Destroyed Bibles Displayed for Art Exhibit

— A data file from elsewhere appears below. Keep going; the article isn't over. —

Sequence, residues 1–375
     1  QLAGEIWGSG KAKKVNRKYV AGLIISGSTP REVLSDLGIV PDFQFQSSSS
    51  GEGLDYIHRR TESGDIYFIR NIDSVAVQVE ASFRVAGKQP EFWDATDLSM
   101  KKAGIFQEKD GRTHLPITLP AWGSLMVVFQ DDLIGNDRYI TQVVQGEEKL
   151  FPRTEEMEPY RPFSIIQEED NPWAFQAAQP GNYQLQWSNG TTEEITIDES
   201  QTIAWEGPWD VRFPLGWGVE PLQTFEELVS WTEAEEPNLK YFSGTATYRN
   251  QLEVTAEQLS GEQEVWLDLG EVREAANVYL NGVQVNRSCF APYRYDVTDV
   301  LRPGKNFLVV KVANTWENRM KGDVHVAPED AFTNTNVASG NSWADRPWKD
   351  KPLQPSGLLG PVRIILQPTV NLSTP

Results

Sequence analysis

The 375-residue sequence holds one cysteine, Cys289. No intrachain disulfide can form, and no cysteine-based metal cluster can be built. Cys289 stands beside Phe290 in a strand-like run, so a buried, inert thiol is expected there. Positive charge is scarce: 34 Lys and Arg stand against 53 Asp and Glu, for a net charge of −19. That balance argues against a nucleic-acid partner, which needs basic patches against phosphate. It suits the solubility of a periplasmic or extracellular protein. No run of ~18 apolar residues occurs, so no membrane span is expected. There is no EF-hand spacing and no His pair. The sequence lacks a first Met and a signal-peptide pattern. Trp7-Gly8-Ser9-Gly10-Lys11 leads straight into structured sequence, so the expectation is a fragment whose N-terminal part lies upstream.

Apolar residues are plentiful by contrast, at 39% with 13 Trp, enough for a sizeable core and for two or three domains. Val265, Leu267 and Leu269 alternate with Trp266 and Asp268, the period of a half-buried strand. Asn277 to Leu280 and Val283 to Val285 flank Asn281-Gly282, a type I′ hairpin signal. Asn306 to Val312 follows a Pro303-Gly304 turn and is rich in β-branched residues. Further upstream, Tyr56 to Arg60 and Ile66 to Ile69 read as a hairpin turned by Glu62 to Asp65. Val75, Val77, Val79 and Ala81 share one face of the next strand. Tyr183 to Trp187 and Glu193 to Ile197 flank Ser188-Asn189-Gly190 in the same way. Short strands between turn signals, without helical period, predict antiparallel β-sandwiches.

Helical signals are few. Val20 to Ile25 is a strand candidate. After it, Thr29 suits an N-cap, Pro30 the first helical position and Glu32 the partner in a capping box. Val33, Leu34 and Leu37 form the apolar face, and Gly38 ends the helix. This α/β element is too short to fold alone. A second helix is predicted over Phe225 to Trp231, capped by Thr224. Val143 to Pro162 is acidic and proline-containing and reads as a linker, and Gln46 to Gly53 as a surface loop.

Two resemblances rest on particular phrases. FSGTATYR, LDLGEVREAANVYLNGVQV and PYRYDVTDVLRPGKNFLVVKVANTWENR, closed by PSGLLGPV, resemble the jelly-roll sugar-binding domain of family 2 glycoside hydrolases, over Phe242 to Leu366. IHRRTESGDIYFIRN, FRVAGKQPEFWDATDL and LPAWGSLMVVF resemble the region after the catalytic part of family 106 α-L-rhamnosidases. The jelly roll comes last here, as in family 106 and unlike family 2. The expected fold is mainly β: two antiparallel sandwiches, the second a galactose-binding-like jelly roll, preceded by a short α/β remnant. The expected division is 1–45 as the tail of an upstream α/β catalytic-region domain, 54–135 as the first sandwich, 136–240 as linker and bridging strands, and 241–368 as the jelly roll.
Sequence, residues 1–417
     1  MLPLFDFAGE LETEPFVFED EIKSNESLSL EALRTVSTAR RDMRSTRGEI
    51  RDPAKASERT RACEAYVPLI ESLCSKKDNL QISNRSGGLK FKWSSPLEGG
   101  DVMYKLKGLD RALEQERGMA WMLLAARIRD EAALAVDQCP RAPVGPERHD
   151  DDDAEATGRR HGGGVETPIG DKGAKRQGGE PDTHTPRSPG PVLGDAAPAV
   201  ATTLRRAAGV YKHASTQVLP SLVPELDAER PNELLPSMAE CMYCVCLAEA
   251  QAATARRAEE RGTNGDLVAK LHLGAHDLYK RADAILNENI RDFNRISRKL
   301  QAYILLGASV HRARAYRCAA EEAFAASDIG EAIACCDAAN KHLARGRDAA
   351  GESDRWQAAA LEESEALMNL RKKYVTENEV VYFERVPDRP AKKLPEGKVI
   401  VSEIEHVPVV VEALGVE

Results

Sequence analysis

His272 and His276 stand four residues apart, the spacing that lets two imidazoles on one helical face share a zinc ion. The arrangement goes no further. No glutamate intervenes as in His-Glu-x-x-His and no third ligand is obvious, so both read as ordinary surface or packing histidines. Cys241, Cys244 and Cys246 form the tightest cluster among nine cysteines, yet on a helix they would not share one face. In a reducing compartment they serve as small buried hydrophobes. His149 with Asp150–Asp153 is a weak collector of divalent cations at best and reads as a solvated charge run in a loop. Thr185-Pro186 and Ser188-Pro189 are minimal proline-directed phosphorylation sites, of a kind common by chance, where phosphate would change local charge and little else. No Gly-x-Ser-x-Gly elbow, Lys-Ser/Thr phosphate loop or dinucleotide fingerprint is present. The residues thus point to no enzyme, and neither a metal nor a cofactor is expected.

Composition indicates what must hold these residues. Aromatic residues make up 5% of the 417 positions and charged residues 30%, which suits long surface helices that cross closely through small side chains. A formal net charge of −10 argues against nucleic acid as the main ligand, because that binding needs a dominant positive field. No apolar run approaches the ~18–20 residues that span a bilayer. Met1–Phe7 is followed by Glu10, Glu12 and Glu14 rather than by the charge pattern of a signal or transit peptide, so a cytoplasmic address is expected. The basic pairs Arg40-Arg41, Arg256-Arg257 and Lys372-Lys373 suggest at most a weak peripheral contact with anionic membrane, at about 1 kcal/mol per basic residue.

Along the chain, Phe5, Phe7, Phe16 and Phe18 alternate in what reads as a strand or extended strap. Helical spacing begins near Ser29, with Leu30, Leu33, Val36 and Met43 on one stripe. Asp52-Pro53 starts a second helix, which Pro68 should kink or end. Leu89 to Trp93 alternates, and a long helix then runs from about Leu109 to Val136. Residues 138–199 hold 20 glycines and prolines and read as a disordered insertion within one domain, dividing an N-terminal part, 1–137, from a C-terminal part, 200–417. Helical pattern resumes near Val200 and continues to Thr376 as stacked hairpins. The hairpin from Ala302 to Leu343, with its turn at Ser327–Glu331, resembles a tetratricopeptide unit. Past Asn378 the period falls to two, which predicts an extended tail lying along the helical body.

Deliberately burning or destroying a Bible to make an artistic or political statement is not novel in this more secular age. What’s so unusual about this exhibit is that the artist, Paul Roorda, isn’t burning Bibles to make a statement against the book or the religion. To destroy a Bible seems sacriligous in any context, but Roorda disagrees that what he is doing is an attack. What he does is to take old, no longer used Bibles (“The older and the more worn out, the more intriguing for me. That means it comes with a history.”) and “transform” them into symbols of power and health, so as to provide memorials over how much influence Scripture holds over us.(“I’m disposing of the Bible by taking elements of it and memorializing them in the form of an icon.”) Any outrage over the exhibit has been virtually nil, either because the exhibit is little known or because Christians follow the unique idea he was going for. Roorda’s ability to diffuse outrage from religious believers is certainly a stark contrast to Andres Serrano and his defenders’ failed attempts to pacify angry Christians at Piss Christ, even though destroying a Bible may technically be more blasphomous than a photograph. (While this isn’t an art crime, it certainly WAS a crime to desecrate a Bible in earlier times, even for benevolent purposes.)

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